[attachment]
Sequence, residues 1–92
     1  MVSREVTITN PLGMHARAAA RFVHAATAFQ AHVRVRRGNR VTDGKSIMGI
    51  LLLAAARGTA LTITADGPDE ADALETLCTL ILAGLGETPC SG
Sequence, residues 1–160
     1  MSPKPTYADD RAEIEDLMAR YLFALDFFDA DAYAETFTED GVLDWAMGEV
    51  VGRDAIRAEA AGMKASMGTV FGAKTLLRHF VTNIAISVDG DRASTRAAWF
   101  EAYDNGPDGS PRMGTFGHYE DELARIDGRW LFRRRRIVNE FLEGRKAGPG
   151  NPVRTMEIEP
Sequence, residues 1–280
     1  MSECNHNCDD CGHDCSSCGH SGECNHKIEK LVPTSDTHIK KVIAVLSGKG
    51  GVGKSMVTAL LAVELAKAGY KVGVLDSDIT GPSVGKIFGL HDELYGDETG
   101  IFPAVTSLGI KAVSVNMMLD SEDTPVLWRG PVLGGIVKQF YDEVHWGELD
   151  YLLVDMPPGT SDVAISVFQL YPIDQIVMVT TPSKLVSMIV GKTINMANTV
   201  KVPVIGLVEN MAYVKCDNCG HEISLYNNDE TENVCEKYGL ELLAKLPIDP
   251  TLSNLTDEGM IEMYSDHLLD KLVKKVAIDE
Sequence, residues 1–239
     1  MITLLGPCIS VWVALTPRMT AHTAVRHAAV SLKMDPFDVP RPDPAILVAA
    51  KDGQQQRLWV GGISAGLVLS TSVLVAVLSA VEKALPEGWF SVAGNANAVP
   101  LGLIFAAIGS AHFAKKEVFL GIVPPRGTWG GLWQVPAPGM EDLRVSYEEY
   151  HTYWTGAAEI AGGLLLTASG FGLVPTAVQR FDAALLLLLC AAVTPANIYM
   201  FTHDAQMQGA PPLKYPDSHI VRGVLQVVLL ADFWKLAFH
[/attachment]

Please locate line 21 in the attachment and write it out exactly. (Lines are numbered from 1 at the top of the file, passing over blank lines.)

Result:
   201  FTHDAQMQGA PPLKYPDSHI VRGVLQVVLL ADFWKLAFH